Galactic magnetism is a growing field of research in astrophysics. The crucial role that magnetism plays in the ecosystem of a galaxy has been known for years, but only recently advances in detection methods, technology and computer power have made big leaps forward in understanding galactic magnetic fields possible (e.g., Sun et al. 2008, Jansson & Farrar 2012; Haverkorn 2015). As a result, it has become clear that simple models of large-scale galactic magnetic fields following galactic spiral arms are hugely inadequate. Recent data from large multi-wavelength radio-polarimetric surveys have allowed refinement of these models including e.g. anisotropic turbulence and/or vertical field components. However, these models are still data starved and inclusion of magnetic field information through other sources than radio polarimetry is highly desired.
Ultra-high energy cosmic rays (UHECR) reach up to energies of ~1011 GeV, many orders of magnitude above those achievable by particle accelerators. Both theoretical considerations and also increasing observational evidence points to an extragalactic origin of these particles (Stanev et al. 1995, Pierre Auger Collaboration 2007, 2015). Due to interactions with the cosmic microwave background these particles cannot travel far (the well known “GZK effect”), and only very few known astrophysical objects are capable to produce them. Nevertheless, it has not been possible so far to identify the population of UHECR sources, mainly because of the unknown deflections they suffer when traversing the magnetic fields in and around our Galaxy. This uncertainty is owing to (a) the usually very simple models for the GMF used in the UHECR community, and (b) the statistical uncertainty of reconstructing charge and energy of the individual particles from the air showers initiated by them, which are detected in UHECR observatories. Combining the newest insights in Galactic magnetism and the full properties of individual air showers will greatly improve the computed UHECR deflections by the Milky Way magnetic field. But this argument can be reversed: comparing “magnetically corrected” arrival directions of UHECR with probable source scenarios as a function of GMF parameters can provide constraints on GMF models, in particular on larger scales and in the halo of our Galaxy, scales which are diffcult to probe by analysing polarized synchrotron radiation or Faraday rotation measures.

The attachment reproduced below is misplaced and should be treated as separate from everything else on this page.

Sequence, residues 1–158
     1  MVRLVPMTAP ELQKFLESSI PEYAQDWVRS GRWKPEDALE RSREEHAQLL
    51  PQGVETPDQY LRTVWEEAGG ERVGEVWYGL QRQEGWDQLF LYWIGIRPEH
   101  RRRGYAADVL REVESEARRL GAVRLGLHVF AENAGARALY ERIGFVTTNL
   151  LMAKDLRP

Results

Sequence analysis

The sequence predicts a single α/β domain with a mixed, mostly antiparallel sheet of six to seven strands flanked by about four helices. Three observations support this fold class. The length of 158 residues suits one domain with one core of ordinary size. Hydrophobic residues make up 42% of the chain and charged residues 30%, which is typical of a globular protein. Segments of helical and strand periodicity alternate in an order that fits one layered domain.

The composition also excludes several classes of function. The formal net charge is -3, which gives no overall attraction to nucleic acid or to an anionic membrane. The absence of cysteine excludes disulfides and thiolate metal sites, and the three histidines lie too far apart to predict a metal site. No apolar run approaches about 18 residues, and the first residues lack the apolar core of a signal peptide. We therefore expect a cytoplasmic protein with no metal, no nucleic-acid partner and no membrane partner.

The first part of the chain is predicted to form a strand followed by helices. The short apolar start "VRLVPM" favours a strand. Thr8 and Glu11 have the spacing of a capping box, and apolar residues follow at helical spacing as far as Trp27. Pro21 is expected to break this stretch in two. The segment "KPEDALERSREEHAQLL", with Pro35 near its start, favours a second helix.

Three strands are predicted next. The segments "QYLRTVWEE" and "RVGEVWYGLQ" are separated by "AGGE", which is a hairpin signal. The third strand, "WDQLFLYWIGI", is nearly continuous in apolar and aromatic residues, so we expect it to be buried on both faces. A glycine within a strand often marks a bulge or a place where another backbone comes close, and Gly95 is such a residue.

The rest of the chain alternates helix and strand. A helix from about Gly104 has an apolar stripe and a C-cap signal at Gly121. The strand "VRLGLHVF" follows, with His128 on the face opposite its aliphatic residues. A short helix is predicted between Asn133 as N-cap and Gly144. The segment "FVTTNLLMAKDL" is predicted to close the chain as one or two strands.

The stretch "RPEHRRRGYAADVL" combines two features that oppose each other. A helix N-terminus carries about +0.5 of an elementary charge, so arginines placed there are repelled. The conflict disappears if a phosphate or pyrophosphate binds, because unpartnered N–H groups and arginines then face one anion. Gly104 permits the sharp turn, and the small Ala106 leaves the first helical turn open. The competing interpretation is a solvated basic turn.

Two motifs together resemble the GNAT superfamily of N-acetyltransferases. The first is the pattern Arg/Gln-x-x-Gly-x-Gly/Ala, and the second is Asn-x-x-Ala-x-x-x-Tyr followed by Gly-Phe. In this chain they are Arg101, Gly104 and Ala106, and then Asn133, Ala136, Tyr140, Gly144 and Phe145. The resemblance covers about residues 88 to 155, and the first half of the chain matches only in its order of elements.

Several activities have been pushed forward in the last years to tackle the connection between UHECR and the GMF: Starting with an informal meeting involving both communities at Ringberg Castle in 2009, Enßlin and co-workers have developed the Hammurabi Code (Waelkens et al. 2009) which allows both to constrain GMF models from astronomical data and to calculate UHECR deflections predicted by these models, and continued the research activity in the subject by developing non-parametric Bayesian methods and software tools (Enßlin et al. 2009, Selig et al. 2013) to achieve a 3D-tomography of our Galaxy, including its magnetic field. Based on the Hammurabi code and available data from WMAP and pulsar rotation measures, Jansson & Farrar (2012) developed an optimal parametrized model of the Galactic magnetic field, and calculated UHECR deflections in this field to constrain the contribution of the radio galaxy Centaurus A to the UHECR flux (Farrar et al. 2013, Keivani et al. 2015). Within a recently awarded Marie-Curie Fellowship, members of our proposed team will collaborate to extend this approach to utilize information in individual air showers on mass and energy of the primary particles.
Given this status of the research field, it is time to undergo a critical review of the applied models and methods by an international distinguished expert team. In particular, it would be important to discuss in which respect the current direction of research, i.e., using improved models of the GMF derive conclusions on UHECR models, can be reversed and to use existing theoretical and experimental knowledge on UHECR origin as a constraint for improved modelling of the GMF. Here is where our project sets in.
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